"Multitude of shots fired," one officer radioed in.

It then becomes a race against the clock for officers to secure and move residents around his home as the situation turned into an active shooter scenario. Across the street from Jessee’s home, residents were seen in a minivan in their driveway trying to get out. Police used the opportunity of Jessee’s walking to the back of his home as an opening to get the adult and child inside the van back into their homes.

Just seconds later, Jessee approached the front of his yard and officers ordered him to the ground. Instead of complying with their orders, he headed back towards his home. Moments later, he was firing at the drone that police officers have been using to keep an eye on him. The rapid gunfire echoed through the now quiet neighborhood.

Troup County Sheriff’s Office, LaGrange Fire Department, and American Medical Response, which has been on the scene since that afternoon were joined by the Peachtree City Police Department, Coweta County Sheriff’s Office, Fulton County Police Department, Newnan Police Department, and the Georgia Bureau of Investigations Explosives Division as the sun begins to set.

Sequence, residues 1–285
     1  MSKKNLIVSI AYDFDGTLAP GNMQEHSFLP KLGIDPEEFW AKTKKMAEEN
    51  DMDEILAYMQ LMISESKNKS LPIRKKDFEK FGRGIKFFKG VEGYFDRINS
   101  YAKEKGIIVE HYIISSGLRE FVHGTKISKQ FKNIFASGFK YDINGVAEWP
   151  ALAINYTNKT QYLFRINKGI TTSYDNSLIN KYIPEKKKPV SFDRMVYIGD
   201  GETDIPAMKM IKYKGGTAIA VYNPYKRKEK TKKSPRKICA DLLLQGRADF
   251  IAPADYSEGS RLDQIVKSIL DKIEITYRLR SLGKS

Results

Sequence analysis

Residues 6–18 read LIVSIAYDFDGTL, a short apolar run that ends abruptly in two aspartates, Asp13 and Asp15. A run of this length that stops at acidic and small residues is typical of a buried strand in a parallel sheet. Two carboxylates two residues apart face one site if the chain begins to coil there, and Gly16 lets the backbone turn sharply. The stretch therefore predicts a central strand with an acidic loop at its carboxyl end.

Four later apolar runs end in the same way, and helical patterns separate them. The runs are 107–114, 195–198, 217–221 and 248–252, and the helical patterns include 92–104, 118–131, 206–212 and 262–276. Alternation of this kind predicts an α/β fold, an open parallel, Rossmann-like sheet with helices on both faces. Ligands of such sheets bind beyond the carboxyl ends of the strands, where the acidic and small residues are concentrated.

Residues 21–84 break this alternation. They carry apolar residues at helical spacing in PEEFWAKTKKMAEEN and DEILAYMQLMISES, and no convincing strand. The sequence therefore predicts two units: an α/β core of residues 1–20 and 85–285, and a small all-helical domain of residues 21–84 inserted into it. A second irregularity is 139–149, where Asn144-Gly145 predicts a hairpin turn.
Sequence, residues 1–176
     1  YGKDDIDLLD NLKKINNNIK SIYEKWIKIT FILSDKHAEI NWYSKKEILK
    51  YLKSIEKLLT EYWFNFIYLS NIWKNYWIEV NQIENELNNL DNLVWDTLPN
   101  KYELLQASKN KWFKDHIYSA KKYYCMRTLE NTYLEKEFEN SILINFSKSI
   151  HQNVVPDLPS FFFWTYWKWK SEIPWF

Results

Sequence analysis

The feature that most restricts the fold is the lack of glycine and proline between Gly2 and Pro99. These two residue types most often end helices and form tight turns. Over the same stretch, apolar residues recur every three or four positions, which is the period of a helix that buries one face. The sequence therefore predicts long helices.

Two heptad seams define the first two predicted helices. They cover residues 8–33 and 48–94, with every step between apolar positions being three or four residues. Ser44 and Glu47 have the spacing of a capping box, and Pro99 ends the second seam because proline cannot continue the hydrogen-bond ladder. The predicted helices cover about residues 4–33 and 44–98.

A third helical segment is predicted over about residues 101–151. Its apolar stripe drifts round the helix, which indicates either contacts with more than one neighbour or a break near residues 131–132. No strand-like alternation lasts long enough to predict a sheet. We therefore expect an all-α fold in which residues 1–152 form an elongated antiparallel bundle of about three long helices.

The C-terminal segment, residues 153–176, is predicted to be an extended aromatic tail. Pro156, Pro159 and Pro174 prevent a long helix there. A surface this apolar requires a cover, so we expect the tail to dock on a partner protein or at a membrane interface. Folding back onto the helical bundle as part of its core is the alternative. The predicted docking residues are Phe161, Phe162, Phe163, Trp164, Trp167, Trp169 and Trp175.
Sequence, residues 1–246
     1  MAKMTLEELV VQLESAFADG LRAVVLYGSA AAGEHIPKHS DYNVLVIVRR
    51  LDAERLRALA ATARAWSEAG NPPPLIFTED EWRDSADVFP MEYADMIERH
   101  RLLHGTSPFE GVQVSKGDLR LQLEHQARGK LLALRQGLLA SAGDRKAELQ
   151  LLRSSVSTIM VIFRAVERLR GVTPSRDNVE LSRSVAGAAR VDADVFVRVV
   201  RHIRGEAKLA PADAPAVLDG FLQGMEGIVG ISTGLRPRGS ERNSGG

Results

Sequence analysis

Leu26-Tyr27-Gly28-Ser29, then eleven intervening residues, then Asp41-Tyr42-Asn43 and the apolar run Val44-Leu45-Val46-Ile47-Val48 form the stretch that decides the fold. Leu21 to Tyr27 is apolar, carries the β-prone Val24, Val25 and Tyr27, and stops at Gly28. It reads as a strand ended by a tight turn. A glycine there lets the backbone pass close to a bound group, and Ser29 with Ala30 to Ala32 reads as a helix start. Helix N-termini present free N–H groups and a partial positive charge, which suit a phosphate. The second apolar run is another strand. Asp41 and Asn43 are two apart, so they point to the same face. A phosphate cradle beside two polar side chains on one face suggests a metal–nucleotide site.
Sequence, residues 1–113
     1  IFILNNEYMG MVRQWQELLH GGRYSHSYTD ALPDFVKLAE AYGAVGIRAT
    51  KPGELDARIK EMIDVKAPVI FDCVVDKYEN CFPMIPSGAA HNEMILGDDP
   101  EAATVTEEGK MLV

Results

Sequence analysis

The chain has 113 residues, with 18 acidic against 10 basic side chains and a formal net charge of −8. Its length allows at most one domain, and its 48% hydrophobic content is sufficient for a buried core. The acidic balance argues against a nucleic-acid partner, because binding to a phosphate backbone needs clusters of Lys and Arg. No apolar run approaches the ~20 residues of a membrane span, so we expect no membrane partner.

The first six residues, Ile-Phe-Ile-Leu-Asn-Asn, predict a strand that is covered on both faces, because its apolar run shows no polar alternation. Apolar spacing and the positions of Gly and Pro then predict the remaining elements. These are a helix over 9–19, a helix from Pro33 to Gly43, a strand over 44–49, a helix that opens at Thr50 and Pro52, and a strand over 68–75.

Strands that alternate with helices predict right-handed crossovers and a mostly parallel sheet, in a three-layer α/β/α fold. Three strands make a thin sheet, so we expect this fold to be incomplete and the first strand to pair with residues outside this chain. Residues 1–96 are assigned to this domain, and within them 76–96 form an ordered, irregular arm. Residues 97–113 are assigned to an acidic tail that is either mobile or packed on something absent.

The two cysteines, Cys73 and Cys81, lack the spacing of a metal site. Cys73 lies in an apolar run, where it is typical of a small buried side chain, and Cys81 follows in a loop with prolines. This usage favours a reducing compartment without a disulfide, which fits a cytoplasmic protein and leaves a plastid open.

A BearCat armored vehicle arrived with specially trained deputies of the Coweta County Sheriff’s Office. Officers used the vehicle to approach the home and use their loudspeakers.

"This is the LaGrange Police Department. We have an arrest warrant for Brian Jessee. Come out with your hands empty," the officer broadcasted.

Jessee’s response comes a short time later in the form of shots being fired directly at the vehicle. Bodycam video from officers captured the sound of the bullets ricocheting off the side of the vehicle. A second armored vehicle at the scene is disabled by his gunfire.

Officers inside the armored vehicle tracked Jessee for more than three hours as he moves from room to room inside the dark home and opened fire at the vehicles from the various locations.

Eventually, police said Jessee started throwing Tannerite at the vehicle and attempted to detonate it in front of their vehicle. 

Officers ended up targeting the muzzle flashes from within the home, firing when they believed they had a clear shot, police said. These were the only rounds fired by officers, police.

In total, officials said Jessee fired over 300 rounds at the officers.

Around 3:44 a.m. on Nov. 17, officers reported seeing a small fire inside the garage. Because of the ongoing threat posed by Jessee, police said firefighters could not safely respond, but remained on standby.

A robot was deployed to try to locate Jessee, but was not successful. CS gas was eventually deployed at daybreak to help officers gain entry into the home.

Officers reported another fire around 7:34 a.m., but again, firefighters could not immediately respond due to the danger. Eventually, firefighters were let close enough to start fighting the blaze with officers on standby, but it was too late. The house was a total loss.

Jessee’s body was later found in the burned-out home. It was taken to the Georgia Bureau of Investigation Medical Examiner’s Office.

No other injuries were reported.

The GBI continues its investigation.